A respected economic commentator has described Australia’s booming apartment market as one of the biggest economic threats currently faced by the country.

Speaking at an NAB event in Sydney last week, BRW founder Robert Gottliebsen said the ongoing construction of thousands of apartments in Australia, many of which have been purchased by foreign buyers, is something that needs to closely monitored in the coming years.

“If you asked me what I thought was the biggest threat to Australia internally in the next 12, 18 months or two years it’s that we’ve built a vast number of apartments that Asian, and mainly Chinese, investors have bought off the plan and paid 10%,” Gottliebsen said.

“In the next 12, 18 months or two years those apartments will be completed and they’ll have to pay the extra 90%. They had expected to pay 30%... and they had expected to bring the money out from China or borrow from our local banks,” he said.

While the issues of apartment oversupply and foreign buyers have constantly been in the headlines in recent times Gottliebsen said recent developments have increased the level of risk associated with the two.

“They’re having difficulty getting extra money out of China and our local banks are saying now we want lend to you or they’re making it very difficult,” he said.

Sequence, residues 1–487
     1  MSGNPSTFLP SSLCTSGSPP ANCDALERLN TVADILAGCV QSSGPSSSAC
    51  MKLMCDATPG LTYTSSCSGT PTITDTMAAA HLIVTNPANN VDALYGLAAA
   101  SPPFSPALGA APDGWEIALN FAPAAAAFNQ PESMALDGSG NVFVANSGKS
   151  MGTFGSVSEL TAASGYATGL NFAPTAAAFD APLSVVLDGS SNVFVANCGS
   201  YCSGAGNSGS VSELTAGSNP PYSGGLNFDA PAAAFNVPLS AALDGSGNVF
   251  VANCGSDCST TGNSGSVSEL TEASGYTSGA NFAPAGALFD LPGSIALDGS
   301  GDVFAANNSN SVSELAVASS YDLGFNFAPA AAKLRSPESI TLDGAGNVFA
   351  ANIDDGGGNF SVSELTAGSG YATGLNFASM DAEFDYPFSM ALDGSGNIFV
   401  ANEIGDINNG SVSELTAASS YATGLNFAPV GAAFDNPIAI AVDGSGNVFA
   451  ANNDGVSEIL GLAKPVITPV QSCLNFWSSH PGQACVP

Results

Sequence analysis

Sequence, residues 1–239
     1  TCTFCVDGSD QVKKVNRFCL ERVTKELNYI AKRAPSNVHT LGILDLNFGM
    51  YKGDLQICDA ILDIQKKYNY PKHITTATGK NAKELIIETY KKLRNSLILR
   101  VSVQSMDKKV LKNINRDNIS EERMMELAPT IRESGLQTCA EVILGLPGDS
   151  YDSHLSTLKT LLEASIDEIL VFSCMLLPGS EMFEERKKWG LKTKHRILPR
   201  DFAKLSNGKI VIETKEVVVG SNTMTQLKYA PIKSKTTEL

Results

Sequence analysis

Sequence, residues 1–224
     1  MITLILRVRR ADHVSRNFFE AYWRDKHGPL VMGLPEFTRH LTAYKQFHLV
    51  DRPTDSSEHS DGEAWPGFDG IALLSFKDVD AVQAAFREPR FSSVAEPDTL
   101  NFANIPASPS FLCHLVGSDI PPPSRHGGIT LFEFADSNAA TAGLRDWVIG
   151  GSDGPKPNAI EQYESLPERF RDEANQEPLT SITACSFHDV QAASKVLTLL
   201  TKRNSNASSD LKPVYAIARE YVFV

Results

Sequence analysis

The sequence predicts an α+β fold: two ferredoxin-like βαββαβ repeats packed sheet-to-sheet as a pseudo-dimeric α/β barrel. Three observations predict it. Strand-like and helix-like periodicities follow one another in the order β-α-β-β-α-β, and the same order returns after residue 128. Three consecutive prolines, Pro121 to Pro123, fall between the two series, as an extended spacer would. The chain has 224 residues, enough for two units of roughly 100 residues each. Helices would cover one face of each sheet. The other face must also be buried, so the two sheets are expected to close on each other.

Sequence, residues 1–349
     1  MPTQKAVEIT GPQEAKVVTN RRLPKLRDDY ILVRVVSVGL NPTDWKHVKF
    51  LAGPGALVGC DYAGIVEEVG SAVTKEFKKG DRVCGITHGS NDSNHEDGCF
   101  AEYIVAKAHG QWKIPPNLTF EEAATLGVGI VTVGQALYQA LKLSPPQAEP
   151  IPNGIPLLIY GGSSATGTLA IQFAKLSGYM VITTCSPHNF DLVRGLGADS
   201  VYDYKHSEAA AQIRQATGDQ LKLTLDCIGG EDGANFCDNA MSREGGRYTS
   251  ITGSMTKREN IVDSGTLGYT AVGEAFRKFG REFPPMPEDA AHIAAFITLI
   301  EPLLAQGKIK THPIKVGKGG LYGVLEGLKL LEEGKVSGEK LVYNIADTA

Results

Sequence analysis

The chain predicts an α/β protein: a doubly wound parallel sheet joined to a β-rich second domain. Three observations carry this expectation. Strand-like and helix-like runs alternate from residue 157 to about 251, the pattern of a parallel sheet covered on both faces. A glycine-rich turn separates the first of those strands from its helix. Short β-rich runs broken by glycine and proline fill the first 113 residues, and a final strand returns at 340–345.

“If they don’t go ahead with those apartment purchases, we’ll have great disturbances in the property market.

“It is one of the challenges that we need to monitor and watch. I’m not saying it’s going to be crisis, it may not be but it’s one of the danger points.”

Jon Ellis, founder and chief executive of Australian based business-to-business off the plan marketing firm Investorist, also said the finance restrictions in Australia and China do pose a risk to the market, however he believes foreign investors who are soon due to complete purchases will  be able to do so.

“It’s important to note that two of the four major banks have made a definite statement regarding foreign purchases. We haven’t had all four and it’s also important to note on the banking front that there are minor banks and we do have building societies and other financial institutions [that foreign buyers can use],” Ellis said.

“In Australia the ability to access funds is still there and we say that remaining in the short to medium term,” he said.